This area that would become our national park had some tough times in the late 1800’s. Inconceivable to our sensibilities today, promoters and speculators who failed to get rich in California’s gold rush filed lumber claims on these precious groves and started cutting them down in a grotesque show of destructive greed. Still others of these trees were felled and shipped in segments around the country in sensationalist sideshows to with the goal of ‘educating’ the disbelieving public about the wonders that lay at the edge of this continent they thought was theirs to exploit.

Later, once it had protected the groves, the NPS set to work to attract and accommodate visitors with myriad hotels, lodges, shops, and even cabins built inside the sensitive groves. These imbued the park with a carnival-like atmosphere and spoiled the natural landscape – especially when, in the name of novelty or progress, they carved up and took down some of the very trees they were charged with safeguarding.

Most, if not all, of those tacky relics are now gone, and the NPS has since evolved into a more somber guardian.

Even with that evolution, my visit to the park was a disappointment. Yes, these trees are impossibly grand. The surrounding mountainous landscape is breathtaking. But after reading John Muir’s glowing, reverential writing about these incredible forests, I had (oh-so-naively) hoped to catch even the tiniest trace of the humble awe he felt there.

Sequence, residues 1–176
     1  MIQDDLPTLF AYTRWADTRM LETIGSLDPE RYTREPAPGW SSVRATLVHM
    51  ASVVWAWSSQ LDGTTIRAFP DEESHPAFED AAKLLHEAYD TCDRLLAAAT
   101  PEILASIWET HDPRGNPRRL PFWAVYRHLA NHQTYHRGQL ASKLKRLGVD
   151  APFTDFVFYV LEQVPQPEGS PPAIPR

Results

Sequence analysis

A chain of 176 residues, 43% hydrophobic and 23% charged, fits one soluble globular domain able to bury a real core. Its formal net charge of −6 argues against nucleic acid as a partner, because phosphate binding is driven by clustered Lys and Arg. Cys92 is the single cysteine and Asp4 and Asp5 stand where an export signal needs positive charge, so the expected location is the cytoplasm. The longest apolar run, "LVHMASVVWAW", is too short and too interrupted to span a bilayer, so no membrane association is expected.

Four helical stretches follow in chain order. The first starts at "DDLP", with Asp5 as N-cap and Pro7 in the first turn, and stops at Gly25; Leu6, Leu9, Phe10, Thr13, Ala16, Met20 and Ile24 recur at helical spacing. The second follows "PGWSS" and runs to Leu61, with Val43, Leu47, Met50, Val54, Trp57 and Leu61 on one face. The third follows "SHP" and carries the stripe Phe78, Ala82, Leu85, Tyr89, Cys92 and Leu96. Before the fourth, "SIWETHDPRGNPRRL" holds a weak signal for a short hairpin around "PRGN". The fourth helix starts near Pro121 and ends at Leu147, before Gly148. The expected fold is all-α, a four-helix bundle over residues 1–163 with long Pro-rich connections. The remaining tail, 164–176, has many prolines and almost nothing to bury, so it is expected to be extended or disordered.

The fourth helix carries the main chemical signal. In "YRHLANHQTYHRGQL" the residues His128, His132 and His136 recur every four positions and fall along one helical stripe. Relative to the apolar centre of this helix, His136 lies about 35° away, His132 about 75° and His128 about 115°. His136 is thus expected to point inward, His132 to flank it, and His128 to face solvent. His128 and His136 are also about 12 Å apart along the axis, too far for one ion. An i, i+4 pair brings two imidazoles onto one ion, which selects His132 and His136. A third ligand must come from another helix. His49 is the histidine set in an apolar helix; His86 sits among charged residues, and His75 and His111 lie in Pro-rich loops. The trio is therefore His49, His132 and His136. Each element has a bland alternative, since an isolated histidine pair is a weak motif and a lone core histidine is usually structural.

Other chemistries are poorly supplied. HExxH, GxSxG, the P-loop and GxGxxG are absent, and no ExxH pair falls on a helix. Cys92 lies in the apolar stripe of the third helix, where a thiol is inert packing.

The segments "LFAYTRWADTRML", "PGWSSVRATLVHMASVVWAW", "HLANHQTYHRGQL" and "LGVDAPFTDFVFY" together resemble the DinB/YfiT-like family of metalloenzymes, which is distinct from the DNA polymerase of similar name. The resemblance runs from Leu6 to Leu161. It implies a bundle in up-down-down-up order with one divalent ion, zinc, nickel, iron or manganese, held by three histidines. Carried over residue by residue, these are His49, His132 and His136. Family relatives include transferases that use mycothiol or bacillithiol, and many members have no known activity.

Sadly, my experience at the park just reinforced my misanthropy. I cringed as I saw crowds of yahoos littering the ground with wrappers from fast food they ate while tailgating in jammed parking lots. Witnessing the loud music and hollering, you would be forgiven for thinking they were partying outside a football stadium instead of visiting a unique natural treasure that we, as a nation, deemed important enough to set aside and protect for future generations.

Still, I’m still glad I visited. These trees really are a wonder to behold and the park is worth seeing … as long as you don’t expect a John Muir moment while there.

Here are some pictures from our visits at Sequoia National Park. Besides walking the giant groves, we also hiked. On one of our trips, we hiked several miles in the snow-blanketed forest to see a waterfall that was just breaking free of its winter ice.

Oh, and we saw a bobcat … and it saw us!


  1. I can totally understand your misanthropy. Big Tree Park is located about 10 minutes from my home and I used to take visitors out to see the World’s Oldest and Largest Cypress Tree estimated to be 3,500 years old that was located at this park. My ex’s parents used to visit at least twice a year from Brazil and I had a running joke with his dad that we just had to visit the tree to see how much it had grown since their last visit. And we would do so and he especially loved it. Sadly, it was burned down by a meth addict. His dad died almost a week later. They were both way cool and now both are gone. Its sister – The Liberty Tree – is still there, but it’s only 2,000 years old and not as impressive. Here’s a couple of articles if you are not familiar with it:

    1. Oh, what a sad tale. I’m happy you got to see the old giant as many times as you did and made such sweet memories around it. The older I get, the more I see the ugly side of humanity. It makes me weep.